To move in the direction of openness in life, you can kick-off a small shift towards the middle by working in a little something bohemian or unexpected in nature – such as a statement necklace to offset an otherwise classic outfit. These shifts in style can trigger more of a sense of adventure and curiosity in someone low in openness. If this is you, an unexpected accessory can give you the impetus to hang out with a different group of friends, or confidence to take that solo trip you’ve been wanting to take. Clothes that are different to what you normally wear can instil a more open mind, and help you stop worrying about all of life’s unknowns. On the other hand, someone who may lack structure in their life and who wants to quell the temptation to hit up Booking.com to commit to another savings-killing trip may want to work in more conventional pieces. A turtleneck, or a classic white shirt with its neat, structured appearance, and its association with responsibility and general togetherness, can help trigger a good dose of feeling grounded and committed.
High: Organized, follows the rules Low: Free-spirited, spontaneous
If you keep a meticulous calendar, meet deadlines and love to keep your space tidy and Marie-Kondo-level organized, you’re highly conscientious. People in the higher percentile of conscientiousness follow rules, and are reliable, goal-driven and successful. The downside of the rigidity that comes with conscientiousness is that it can lead to burnout and an inability to be present. Can’t find your keys? Forgot to pay your credit card bill? If so, you’re most likely a low scorer on the conscientiousness scale, meaning your relaxed nature can also lead to being impulsive, disorganized, and often late. It can be hard to get anything done or achieve your goals in a desired timeframe.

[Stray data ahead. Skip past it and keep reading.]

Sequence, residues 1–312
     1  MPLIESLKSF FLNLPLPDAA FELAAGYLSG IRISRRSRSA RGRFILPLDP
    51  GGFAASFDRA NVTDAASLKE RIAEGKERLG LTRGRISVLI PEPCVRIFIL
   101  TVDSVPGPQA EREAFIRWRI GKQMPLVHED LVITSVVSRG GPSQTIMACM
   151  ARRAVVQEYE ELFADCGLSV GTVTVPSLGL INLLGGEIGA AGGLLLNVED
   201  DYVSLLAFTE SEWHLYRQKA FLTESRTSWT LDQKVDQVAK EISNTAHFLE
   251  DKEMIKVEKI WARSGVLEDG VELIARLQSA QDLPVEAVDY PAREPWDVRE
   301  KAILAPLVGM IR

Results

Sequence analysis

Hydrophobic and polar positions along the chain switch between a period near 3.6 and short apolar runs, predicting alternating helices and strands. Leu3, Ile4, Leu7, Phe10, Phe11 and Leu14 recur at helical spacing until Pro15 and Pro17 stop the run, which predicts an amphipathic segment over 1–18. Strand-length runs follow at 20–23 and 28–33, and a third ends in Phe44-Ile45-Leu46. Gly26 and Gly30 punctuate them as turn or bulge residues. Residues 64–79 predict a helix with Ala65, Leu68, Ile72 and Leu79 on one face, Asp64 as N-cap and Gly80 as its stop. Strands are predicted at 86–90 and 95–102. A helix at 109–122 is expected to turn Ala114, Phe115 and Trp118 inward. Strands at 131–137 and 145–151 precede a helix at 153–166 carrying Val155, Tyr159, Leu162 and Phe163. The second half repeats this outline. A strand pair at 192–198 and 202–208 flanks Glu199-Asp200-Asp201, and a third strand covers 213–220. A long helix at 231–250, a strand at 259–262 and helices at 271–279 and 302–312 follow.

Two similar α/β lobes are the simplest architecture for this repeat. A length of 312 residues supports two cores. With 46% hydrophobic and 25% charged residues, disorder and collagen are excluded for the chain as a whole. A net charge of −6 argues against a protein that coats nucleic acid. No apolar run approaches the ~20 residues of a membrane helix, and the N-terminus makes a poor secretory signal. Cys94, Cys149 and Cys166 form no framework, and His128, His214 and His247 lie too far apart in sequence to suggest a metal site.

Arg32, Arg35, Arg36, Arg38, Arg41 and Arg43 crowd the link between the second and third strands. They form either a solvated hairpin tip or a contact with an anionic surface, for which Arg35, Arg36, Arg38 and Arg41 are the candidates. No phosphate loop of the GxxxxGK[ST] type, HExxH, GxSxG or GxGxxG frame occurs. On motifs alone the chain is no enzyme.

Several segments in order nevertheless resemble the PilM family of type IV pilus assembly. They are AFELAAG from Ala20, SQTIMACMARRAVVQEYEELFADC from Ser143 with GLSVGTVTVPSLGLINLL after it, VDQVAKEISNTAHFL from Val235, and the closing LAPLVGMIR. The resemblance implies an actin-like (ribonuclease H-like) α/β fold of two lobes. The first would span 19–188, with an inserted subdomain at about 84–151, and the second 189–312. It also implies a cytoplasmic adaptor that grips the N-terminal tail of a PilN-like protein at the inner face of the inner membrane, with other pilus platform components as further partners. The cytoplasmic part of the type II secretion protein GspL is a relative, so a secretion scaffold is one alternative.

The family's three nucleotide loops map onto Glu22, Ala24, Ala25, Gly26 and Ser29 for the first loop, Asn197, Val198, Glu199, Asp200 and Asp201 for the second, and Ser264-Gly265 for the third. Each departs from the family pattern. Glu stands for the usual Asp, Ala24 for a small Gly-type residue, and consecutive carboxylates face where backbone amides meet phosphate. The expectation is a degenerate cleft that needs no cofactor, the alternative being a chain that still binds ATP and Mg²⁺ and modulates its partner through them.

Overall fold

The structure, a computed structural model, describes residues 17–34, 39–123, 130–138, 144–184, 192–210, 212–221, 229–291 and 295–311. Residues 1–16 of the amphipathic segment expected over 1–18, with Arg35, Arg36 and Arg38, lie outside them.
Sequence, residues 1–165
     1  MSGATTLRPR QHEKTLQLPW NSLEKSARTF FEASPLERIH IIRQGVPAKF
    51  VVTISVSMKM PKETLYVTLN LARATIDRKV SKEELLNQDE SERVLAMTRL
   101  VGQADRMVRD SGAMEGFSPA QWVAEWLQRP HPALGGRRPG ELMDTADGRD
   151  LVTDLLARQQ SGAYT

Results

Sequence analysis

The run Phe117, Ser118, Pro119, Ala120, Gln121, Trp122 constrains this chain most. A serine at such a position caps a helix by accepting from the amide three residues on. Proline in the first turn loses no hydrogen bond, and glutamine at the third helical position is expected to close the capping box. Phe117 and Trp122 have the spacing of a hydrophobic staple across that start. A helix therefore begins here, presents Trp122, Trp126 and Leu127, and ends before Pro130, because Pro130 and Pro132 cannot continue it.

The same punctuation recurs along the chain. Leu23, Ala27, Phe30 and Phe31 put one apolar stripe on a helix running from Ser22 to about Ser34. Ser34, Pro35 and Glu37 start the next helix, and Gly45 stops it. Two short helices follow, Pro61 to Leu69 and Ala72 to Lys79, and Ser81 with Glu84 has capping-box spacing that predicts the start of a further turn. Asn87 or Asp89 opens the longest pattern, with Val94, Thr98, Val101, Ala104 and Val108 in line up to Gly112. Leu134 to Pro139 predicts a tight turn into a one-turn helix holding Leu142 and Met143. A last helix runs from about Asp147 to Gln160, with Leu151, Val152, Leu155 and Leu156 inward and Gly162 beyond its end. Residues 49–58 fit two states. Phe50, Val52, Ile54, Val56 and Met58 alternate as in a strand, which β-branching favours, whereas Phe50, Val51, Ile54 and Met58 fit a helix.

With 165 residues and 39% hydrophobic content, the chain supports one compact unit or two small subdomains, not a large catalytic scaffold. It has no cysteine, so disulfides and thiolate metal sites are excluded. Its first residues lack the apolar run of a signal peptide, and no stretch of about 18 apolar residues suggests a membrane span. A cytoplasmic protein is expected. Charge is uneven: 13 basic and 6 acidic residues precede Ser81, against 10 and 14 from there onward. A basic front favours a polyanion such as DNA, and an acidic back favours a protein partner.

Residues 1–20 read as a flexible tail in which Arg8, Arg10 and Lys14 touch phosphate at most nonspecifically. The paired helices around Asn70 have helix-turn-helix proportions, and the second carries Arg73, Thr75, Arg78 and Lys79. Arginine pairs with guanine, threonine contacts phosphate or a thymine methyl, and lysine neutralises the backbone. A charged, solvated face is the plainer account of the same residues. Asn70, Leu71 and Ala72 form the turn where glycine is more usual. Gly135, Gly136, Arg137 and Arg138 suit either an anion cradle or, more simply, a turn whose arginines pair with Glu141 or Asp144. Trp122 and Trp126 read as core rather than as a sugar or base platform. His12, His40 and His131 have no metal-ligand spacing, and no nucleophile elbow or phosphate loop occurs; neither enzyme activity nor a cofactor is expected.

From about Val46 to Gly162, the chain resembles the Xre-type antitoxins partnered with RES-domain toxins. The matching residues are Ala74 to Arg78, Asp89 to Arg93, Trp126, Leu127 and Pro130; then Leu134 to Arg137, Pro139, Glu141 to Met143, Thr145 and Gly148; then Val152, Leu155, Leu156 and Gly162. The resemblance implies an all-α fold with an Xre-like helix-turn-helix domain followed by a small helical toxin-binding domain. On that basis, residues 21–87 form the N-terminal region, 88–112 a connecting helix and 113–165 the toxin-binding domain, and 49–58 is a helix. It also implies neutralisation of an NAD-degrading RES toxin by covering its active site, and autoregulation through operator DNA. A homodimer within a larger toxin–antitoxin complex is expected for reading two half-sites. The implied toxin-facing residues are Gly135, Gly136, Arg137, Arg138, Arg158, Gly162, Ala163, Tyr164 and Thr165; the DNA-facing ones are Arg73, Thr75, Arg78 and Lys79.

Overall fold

Conscientious people like traditional colors and neat, clean design—more structured brands—such as Ralph Lauren and Carolina Herrera. The style of lower scorers can range from avant garde to rebellious in a Kurt Cobain-inspired kind of way. The former can work in a dose of the perennially cool with some more interesting fashion-forward pieces, such as a military boot or leather jacket, to add contrast to their outfit and try and live for the moment a bit more. To cultivate more conscientiousness and to become more diligent, the latter can counter their devil-may-care looks by leaning into tidy and simple pieces, such as a tailored blazer or a clean white sneaker.
High: Outgoing, social, talkative Low: Reserved, introverted, passive
Have an upwards of 10 Whatsapp notifications flashing on your screen at any given time? Super-social extreme extroverts can chat up anyone, are assertive, and get their energy from interacting with others. Of course, constant FOMO and lacking the ability to be alone can negatively affect the quality of a person’s emotional life, character-building and self-development. But if too much chat tends to stress you out, and nothing brings you more relief than sending a text to announce that “you’re unfortunately going to have to reschedule”, it’s likely you veer towards introversion. Introverts get their energy from within themselves, prefer alone time, and often seem withdrawn or reserved. Conversely, if too often you find yourself a une, you’ll miss out on opportunities for socio-emotional development. Meaning that when you do find yourself in a new friendship or relationship, you could be lacking certain social skills and are more likely to freak the F out when triggered by a perceived offence.